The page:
Days away from the election, you likely have heard all the scenarios that could propel either Democrats or Republicans to victory. So rather than add yet another possible path to the mix, let’s pretend, for the sake of argument, that a “blue wave” washes over the nation, carrying former Vice President Biden to the White House and giving him a majority in both the Senate and House of Representatives.
The question then becomes how big is the Senate majority and will it be big enough to allow Biden to enact some of his more ambitious agenda items?
The Democrats are a far cry from achieving a “supermajority” of 60 or more votes necessary to break any filibuster and, if past is prologue, then Minority Leader Mitch McConnell (R-KY) will use all the tools at his disposal to try to stop the Democratic agenda. This concern gives rise to talk of ending the filibuster, the procedure that gives any senator the ability to prevent the Senate from moving forward on legislation. While this seems like a simple thing for a new majority to do at the beginning of the Congress, it is not procedurally or politically easy.
When Congress was formed in 1789, both the House and the Senate had the ability to cut off debate with a simple majority vote through the previous question motion. In 1806, the Senate decided to eliminate the previous question motion from its rulebook at the suggestion of Vice President Aaron Burr, who thought it was redundant. This inadvertently led to the creation of the filibuster, although this loophole was not used until 1837.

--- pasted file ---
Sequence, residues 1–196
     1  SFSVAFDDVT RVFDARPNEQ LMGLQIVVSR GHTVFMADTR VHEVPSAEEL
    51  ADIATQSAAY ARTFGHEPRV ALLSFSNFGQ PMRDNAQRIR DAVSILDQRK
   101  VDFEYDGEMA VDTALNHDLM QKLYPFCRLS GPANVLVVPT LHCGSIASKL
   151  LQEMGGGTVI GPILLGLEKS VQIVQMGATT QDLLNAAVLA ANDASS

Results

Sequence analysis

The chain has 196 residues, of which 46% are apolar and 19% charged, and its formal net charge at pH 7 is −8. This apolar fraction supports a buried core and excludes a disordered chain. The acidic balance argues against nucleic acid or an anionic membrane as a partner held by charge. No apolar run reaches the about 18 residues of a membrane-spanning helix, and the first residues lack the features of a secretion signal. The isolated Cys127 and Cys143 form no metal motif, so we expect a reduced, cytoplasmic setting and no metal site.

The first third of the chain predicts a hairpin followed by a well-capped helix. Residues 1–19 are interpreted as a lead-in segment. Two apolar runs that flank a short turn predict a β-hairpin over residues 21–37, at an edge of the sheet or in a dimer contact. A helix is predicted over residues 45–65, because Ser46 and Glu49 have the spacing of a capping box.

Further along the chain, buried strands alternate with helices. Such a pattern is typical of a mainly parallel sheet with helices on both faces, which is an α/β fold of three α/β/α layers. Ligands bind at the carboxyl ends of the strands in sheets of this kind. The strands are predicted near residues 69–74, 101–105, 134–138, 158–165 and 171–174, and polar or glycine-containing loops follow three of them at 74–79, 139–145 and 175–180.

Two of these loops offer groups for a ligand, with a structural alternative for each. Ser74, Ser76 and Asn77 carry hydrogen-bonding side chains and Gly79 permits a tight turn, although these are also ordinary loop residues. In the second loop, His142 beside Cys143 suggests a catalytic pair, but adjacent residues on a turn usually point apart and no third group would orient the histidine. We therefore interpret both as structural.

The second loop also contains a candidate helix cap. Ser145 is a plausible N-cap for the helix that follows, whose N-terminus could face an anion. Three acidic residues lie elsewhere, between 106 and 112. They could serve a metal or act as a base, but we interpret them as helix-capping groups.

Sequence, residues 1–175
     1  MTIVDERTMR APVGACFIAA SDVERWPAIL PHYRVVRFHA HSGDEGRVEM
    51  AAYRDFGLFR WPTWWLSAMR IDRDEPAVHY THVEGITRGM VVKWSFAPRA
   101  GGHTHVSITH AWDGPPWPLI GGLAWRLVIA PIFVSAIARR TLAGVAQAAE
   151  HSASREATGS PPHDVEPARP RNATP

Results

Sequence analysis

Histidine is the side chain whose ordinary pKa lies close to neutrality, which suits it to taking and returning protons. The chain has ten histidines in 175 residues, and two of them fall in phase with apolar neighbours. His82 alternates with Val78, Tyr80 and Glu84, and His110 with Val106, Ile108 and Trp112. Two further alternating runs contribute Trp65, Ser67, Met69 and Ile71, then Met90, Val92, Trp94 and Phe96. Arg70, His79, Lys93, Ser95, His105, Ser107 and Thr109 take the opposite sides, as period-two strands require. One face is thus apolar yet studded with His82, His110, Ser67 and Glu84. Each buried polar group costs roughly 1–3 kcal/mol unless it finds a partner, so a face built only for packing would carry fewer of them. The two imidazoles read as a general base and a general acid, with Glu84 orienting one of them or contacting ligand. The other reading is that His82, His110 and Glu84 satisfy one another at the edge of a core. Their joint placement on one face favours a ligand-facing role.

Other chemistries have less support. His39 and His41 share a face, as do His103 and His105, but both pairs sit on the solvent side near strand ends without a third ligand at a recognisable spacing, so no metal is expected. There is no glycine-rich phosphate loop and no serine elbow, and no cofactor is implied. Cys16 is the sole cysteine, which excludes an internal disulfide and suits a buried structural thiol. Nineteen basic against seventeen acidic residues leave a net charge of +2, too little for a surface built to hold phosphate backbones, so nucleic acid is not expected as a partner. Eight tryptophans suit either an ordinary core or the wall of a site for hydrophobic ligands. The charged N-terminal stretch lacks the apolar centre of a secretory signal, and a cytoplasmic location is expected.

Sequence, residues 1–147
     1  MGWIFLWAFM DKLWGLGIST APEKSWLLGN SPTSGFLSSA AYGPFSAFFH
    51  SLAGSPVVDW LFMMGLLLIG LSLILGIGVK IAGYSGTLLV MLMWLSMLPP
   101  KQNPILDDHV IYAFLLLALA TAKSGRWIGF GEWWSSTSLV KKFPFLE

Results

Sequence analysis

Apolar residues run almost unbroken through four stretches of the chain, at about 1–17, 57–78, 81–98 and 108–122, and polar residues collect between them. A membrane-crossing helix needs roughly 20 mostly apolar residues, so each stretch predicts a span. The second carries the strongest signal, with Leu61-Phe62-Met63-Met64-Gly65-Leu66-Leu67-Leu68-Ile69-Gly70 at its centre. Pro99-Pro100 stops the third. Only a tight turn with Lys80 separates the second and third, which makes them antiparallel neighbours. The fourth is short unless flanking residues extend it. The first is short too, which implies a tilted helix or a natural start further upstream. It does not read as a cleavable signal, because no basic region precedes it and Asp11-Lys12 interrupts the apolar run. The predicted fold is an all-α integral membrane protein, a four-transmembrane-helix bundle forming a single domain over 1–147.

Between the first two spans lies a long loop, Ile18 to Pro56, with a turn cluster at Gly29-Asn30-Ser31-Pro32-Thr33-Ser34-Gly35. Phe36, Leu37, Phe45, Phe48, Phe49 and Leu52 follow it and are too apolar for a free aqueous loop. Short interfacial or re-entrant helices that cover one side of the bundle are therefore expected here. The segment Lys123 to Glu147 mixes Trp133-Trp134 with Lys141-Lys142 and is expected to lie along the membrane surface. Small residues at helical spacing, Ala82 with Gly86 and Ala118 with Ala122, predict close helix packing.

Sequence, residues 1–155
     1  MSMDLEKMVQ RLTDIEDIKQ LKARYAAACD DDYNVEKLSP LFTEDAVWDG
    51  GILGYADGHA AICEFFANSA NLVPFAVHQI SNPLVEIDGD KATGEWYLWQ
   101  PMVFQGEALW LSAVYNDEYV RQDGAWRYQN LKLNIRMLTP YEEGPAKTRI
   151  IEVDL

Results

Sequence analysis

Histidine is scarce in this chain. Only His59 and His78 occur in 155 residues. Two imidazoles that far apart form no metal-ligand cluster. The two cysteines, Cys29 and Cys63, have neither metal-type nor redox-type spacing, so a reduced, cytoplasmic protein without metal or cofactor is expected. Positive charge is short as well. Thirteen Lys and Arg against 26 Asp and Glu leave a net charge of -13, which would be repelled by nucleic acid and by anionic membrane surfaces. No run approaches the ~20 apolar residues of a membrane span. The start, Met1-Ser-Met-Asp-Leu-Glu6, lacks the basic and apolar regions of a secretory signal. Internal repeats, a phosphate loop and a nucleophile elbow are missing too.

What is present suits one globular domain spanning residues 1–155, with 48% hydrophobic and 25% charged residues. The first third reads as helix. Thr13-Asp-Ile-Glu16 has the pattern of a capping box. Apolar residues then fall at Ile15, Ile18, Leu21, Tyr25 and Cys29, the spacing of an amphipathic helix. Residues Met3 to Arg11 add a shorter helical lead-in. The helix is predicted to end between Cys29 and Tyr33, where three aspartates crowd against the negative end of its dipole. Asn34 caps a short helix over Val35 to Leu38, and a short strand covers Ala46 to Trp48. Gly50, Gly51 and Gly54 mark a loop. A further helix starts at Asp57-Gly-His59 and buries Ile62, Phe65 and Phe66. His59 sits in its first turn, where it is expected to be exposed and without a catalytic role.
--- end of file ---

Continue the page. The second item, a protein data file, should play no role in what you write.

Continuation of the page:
During its 200-plus-year run, there has been recurring talk about ending the filibuster. Eliminating the filibuster by changing the rules would require two-thirds of the Senate or 67 votes if all 100 senators are present and voting. It is unlikely that any senator in the minority would vote to give away their leverage over the Senate’s agenda.
Another option would be for Democrats to modify the filibuster by banning it on certain proceedings or requiring senators to filibuster in person. Modified filibuster rules are currently in practice for judicial nominations. Modifications may include, for example, eliminating the filibuster on “motions to proceed,” which are the motions that allow the Senate to move to debate. This preserves a senator’s right to object to passage of the underlying question without preventing the Senate from considering it at all.
A new Senate majority could limit the time for debate as has been done for the annual budget resolution, to prevent arms sales to foreign governments or to ratify trade agreements. Because a two-thirds majority is required to change the rules, the new majority would have to create a new “precedent.” This process, agreed to by a simple majority, entails the Senate’s presiding officer ruling on a point of order, then appealing that rule and voting to overturn it. Then-Majority Leader Harry Reid (D-NV) used this process in 2013 for certain judicial nominations, and Majority Leader McConnell used the same process in 2017 for Supreme Court nominations.